THE PEAK TRAM HISTORY
The Peak Tram is arguably the most enduring emblem of Hong Kong's unique past. It has seen war, been featured on films and television and played host to numerous dignitaries.
Planning the First Tram
By 1883 Hong Kong's population had reached 173,475 with some 30-40 families calling the Peak their home. Although the Peak Hotel had opened in 1873 and was attracting an eager clientele, reaching the Peak was wholly dependent on the use of the sedan chair. In May of 1881, the enterprising Scotsman Alexander Findlay Smith devised a plan to speed the development of new residences in the hill districts with the introduction of a new tram system that would connect Murray Barracks to Victoria Gap. In 1882 approval was granted and the Hong Kong High Level Tramways Company was born. With the commencement of service on 30 May 1888, the Peak Tram became the first cable funicular in Asia, extending 1,350 metres and connecting five intermediate stations.
The original carriages were made of varnished timber and consisted of open rows of slatted seats at the front and rear, with an enclosed compartment in the centre. The carriage seated 30 passengers in three classes, with the centre compartment reserved for first class travel. Between 1908 and 1949 a brass plaque was affixed to the back of the first two seats which read, "This seat is reserved for His Excellency, the Governor". These seats could not be occupied until two minutes before departure time in the event the Governor might appear unannounced.
At that time, a ride in the first-class section up to the Peak cost 30 cents. The charge was 20 cents for second class and 10 cents for third class. The return trip was half the price. The Peak Tram, which was operated by coal-fired steam boilers then, ended up serving 600 passengers on its first day and about 150,000 in its first year.
In 1926, an electrically powered system replaced the coal-fired steam boilers. However, following the Japanese occupation of Kowloon on December 11, 1941, the Peak Tram engine room was damaged in an attack. On Christmas Day in 1945, the Peak Tram service resumed but part of a Japanese shell was lodged under the main base plate of the two haulage drums.
Hollywood soon came knocking and the Peak Tram was featured in the 1950s movie, Soldier of Fortune, starring Clark Gable. The opening and closing scenes were shot inside the tramcar. The Peak Tram was also included in an episode of the Love Boat.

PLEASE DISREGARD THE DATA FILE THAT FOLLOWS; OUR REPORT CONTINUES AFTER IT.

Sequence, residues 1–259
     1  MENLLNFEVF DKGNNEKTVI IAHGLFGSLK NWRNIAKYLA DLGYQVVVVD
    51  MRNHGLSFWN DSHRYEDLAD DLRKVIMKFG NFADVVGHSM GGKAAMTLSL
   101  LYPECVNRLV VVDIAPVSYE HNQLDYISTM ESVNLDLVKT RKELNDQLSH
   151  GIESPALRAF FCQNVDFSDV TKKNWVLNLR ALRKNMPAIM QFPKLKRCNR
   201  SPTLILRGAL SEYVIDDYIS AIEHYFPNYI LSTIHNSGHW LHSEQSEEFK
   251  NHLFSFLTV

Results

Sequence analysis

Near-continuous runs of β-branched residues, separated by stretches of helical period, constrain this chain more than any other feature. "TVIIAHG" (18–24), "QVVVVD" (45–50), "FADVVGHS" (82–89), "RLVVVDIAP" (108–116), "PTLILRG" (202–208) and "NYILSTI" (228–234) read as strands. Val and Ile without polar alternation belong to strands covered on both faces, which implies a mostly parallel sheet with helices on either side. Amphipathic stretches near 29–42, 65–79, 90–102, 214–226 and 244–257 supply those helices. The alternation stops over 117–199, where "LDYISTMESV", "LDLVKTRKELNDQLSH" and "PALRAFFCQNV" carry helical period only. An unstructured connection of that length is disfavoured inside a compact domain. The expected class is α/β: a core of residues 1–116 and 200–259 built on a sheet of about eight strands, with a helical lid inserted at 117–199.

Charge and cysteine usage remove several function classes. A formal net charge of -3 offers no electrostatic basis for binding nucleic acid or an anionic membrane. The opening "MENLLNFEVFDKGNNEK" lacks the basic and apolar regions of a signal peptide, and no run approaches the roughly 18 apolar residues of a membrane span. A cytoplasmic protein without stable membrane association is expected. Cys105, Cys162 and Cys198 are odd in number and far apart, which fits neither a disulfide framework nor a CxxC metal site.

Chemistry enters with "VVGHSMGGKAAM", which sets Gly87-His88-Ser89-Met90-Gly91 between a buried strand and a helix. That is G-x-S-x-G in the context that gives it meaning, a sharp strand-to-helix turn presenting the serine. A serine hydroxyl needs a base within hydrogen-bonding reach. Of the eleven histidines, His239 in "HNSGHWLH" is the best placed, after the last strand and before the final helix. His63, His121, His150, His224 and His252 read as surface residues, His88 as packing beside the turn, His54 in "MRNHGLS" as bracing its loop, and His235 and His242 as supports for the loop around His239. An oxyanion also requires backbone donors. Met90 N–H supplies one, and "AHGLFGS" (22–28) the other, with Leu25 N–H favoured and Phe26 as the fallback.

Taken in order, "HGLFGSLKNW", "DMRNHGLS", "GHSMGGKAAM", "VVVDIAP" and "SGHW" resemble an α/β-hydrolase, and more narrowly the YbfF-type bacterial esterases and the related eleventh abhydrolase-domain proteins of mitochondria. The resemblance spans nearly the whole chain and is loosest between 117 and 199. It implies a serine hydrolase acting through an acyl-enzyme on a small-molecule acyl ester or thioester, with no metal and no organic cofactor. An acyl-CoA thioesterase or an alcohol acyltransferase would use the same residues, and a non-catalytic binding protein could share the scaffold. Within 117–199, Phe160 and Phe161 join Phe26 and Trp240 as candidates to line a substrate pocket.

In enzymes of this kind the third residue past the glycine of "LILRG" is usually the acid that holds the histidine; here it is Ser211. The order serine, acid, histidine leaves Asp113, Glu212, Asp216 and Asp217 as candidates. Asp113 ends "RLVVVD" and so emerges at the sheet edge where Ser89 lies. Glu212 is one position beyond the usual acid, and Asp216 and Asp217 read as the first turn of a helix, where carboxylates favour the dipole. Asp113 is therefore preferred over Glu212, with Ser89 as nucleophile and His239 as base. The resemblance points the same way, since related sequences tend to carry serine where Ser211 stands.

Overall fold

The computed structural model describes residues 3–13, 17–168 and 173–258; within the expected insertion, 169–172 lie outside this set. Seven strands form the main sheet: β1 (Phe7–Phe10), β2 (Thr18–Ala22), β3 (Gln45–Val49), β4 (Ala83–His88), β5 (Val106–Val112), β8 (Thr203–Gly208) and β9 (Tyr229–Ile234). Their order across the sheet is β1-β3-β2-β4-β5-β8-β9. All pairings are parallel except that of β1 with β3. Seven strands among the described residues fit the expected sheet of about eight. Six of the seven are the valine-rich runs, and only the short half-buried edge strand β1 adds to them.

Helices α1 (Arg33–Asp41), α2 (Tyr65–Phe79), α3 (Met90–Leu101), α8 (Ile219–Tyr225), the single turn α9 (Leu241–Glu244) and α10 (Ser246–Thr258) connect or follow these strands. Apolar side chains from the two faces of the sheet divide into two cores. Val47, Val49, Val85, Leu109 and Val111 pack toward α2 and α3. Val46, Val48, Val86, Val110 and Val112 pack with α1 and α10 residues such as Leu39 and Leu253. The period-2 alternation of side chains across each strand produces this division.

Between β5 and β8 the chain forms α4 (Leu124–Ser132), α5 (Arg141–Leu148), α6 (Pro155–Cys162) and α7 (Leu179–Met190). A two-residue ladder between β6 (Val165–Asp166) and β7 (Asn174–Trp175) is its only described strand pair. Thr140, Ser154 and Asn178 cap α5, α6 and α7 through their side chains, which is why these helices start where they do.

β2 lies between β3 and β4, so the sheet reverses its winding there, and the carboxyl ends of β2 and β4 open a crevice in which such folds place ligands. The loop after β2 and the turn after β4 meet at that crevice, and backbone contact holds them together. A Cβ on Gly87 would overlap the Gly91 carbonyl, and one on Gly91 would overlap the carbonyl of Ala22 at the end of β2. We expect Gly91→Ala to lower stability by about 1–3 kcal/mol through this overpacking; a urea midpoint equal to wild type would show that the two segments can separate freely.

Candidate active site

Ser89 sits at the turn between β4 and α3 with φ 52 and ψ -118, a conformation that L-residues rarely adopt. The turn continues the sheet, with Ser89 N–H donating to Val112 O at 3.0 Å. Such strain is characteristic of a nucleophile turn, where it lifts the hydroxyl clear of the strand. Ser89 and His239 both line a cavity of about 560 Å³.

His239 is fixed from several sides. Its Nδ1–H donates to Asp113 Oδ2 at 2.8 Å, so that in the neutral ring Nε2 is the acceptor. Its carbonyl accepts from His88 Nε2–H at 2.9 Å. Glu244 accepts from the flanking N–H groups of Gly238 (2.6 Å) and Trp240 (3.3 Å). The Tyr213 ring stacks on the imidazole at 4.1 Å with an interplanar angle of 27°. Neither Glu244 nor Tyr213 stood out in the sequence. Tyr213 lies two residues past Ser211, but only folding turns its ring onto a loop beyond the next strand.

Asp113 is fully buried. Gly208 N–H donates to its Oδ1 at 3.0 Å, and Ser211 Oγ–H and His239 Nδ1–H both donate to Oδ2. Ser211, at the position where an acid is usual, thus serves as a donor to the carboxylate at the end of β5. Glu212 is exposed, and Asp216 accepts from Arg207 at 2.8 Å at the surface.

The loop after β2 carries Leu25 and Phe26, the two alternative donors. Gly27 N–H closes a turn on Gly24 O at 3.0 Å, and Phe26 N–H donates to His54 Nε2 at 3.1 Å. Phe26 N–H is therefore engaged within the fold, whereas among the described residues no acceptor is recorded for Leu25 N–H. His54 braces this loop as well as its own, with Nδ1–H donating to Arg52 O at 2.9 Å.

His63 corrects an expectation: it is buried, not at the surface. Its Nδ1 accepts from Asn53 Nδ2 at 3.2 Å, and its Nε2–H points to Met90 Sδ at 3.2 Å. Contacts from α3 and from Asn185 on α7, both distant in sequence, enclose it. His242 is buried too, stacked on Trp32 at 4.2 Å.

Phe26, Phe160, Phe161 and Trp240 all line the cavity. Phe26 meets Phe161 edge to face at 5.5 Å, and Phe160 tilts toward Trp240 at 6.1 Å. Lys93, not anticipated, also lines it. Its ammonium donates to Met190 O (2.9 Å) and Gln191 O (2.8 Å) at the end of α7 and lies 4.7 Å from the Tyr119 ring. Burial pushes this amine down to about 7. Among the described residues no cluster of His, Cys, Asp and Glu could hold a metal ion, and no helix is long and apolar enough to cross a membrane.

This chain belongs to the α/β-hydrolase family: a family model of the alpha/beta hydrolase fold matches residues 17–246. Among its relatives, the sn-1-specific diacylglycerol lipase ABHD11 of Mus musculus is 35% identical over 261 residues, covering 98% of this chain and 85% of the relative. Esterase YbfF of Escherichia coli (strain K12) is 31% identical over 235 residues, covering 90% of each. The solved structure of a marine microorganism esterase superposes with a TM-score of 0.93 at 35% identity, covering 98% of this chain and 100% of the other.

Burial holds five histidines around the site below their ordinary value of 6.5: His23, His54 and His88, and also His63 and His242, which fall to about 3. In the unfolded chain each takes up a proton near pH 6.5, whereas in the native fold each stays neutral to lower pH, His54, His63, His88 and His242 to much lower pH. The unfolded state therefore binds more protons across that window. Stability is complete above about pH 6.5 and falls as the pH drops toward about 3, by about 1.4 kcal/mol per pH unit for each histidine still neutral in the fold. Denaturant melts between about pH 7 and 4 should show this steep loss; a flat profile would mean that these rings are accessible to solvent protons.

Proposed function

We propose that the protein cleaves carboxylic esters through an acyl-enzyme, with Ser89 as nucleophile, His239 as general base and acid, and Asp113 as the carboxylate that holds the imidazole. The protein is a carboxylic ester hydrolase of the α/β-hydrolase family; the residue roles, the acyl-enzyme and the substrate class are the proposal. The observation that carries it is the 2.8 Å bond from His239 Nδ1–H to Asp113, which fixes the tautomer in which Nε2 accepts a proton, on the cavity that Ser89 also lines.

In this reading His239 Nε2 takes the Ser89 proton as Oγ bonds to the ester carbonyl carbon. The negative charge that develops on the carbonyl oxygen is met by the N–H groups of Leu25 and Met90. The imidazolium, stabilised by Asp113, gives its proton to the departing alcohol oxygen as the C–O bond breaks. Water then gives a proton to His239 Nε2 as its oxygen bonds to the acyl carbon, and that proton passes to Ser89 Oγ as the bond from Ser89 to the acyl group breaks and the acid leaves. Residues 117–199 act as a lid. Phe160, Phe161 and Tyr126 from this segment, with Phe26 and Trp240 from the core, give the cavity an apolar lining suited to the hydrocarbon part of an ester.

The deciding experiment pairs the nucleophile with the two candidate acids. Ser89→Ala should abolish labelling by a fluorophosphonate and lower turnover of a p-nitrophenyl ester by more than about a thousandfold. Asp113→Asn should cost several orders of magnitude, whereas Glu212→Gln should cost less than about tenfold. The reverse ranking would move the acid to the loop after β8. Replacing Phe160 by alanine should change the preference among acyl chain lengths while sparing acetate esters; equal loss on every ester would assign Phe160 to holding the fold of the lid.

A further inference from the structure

A 72-seat, lightweight all-metal tramcar was introduced in 1959 before the Peak Tram began service in its present form in 1989 following a HK$60-million overhaul to upgrade it to a microprocessor-controlled electric drive system. Governor Sir David Wilson officiated at the reopening on September 20, 1989.
Commemorative stamps were issued by the General Post Office to mark the Peak Tram's centenary anniversary in May 1988.
From its earliest days of operation, The Peak Tram has been the focus of artists and photographers who have tried to capture its spirit while simultaneously documenting its service. From amateur shots meant to preserve a personal memory, to professionally prepared views intended for commercial sale, The Peak Tram has proven itself a particularly compelling subject. The early years of operation seem to have produced the most varied scenes, with shots taken not only at both the upper and lower stations, but also at many points along the way. These views were reproduced by a small number of Hong Kong printing companies as black and white postcards which were then hand-coloured to enhance their beauty. From all evidence they were highly popular, with elegantly handwritten notes sent around the world commenting on the remarkable views and surprisingly efficient and comfortable service.
By the end of the Second World War, photographers seemed less enthralled with the tram as subject matter. Perhaps its novelty was wearing thin in the face of new advances in transportation, or was overshadowed by Hong Kong's rapidly changing skyline. Cards from the late 1960s and 1970s focussed more on the newly built Peak Tower and the panoramic vistas that some visitors claimed yielded views as distant as Macau.